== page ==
University of Wisconsin–Madison

The Shadow of Shays’ Rebellion

In the years following the American Revolution many states had to deal with many uncertainties relating to taxation, debt, and contracts. Various policies such as issuing paper money, making property and agricultural produce legal tender, providing for installment payments, and delaying collections were all attempted to relieve the effects of the postwar depression. When state legislatures failed to provide relief, sporadic and isolated acts of violence erupted when authorities attempted to collect taxes. Connecticut, Pennsylvania, South Carolina, and Virginia all saw the disruption of legal proceedings in and around county courthouses. The most prominent event centered in the western counties of Massachusetts where debtors led by Daniel Shays shut down the civil courts to stop foreclosures on tax delinquent property when the state legislature refused to enact debtor relief to alleviate its harsh tax code. During and after the rebellion the fallout rippled throughout the nation. Henry Knox and Henry Lee both expressed alarmist accounts with Lee suggesting that these events were the “beginning of anarchy with all its calamity.” An army raised by the state suppressed the rebellion. Shays and his followers fled Massachusetts. In the end, after harsh retributions, pardons were enacted by the legislature and then issued by Governor John Hancock for all of the insurgents. Agrarian Unrest and the Constitution (pdf) taken from Commentaries on the Constitution, Vol. XIII will give you ample information regarding the role of rural discontent in the mid-1780s. Our selections will give you a sense of the impact of these uprisings in the minds of many troubled not only by the events in Massachusetts but other rural areas of the country.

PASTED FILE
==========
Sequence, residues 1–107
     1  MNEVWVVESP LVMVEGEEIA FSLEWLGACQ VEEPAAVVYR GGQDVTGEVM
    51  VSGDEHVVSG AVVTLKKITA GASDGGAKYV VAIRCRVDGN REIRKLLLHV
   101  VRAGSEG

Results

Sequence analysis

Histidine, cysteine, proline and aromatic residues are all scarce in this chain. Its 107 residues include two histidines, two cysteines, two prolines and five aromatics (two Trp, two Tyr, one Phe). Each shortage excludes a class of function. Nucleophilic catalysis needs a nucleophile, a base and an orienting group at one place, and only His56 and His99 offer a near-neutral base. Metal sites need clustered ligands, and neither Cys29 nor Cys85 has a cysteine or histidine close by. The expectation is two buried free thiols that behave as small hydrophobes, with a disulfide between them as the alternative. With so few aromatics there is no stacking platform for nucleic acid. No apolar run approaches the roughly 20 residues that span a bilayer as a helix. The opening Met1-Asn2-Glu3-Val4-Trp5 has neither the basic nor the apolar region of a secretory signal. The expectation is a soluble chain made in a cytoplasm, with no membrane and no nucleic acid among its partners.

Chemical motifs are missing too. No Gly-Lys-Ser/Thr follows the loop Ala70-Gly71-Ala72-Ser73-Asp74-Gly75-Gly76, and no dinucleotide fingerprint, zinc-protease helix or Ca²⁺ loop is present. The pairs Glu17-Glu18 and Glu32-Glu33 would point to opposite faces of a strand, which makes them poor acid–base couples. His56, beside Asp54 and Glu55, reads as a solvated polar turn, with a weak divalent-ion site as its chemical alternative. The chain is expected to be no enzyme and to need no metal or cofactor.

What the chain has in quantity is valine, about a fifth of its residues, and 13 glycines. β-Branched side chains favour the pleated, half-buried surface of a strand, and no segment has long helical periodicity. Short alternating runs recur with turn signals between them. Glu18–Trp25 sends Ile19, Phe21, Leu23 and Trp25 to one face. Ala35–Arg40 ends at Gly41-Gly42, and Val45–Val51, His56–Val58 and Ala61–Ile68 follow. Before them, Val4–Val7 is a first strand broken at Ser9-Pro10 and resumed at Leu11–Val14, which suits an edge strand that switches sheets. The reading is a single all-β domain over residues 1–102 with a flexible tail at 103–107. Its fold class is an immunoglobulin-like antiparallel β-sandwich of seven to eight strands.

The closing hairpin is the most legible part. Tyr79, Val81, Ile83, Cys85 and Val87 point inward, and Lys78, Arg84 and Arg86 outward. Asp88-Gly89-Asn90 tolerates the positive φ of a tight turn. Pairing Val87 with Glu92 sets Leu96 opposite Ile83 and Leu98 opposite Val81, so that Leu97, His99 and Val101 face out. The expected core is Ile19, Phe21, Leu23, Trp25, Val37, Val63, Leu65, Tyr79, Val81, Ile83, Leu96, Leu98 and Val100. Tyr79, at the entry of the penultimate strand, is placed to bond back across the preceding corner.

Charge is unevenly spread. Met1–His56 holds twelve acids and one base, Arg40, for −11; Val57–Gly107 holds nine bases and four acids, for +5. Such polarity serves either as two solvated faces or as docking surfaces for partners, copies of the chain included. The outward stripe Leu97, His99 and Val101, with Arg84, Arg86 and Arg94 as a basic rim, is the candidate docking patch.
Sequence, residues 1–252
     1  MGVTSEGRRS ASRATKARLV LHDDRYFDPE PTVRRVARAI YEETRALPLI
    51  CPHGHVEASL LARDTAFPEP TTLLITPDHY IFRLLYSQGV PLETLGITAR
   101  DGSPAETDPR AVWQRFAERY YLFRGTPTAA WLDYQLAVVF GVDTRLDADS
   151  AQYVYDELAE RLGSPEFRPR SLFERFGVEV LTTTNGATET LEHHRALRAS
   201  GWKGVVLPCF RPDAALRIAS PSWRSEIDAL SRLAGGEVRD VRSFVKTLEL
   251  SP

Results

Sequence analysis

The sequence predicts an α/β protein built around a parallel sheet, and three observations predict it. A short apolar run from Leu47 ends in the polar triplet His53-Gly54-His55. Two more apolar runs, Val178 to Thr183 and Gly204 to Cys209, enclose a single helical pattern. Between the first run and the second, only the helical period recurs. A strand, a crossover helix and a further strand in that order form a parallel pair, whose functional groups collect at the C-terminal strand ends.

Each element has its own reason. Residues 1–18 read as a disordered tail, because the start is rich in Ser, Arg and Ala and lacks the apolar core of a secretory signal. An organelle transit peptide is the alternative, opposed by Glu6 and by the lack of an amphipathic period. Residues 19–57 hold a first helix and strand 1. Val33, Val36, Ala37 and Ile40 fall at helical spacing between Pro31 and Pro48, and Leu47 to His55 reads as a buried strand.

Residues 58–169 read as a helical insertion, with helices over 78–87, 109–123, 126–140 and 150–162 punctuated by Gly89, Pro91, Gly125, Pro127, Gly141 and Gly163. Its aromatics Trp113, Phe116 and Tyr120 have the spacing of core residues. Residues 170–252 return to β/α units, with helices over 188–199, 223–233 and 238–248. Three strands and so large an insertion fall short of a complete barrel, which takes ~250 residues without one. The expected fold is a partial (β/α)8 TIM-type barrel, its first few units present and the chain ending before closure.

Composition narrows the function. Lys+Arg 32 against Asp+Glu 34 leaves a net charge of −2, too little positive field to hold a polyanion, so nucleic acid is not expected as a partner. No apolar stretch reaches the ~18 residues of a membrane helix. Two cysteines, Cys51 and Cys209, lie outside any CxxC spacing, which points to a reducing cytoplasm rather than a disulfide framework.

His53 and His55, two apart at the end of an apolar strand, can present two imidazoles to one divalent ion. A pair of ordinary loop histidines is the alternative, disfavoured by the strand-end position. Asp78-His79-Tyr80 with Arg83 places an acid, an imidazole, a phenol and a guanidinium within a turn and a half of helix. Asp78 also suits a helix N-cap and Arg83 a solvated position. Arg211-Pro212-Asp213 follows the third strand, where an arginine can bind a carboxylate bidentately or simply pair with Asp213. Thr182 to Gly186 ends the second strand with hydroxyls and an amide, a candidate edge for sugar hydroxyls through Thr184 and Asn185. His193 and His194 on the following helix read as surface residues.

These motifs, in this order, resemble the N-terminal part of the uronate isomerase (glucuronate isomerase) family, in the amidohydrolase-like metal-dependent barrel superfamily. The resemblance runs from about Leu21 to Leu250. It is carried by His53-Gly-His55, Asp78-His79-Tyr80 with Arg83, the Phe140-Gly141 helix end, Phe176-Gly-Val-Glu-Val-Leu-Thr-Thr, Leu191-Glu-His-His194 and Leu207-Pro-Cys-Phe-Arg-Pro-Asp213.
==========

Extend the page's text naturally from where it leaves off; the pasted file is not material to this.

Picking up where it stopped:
Correspondence with George Washington About the Rebellion

Correspondence During the Rebellion

Public Commentary After the Rebellion Ended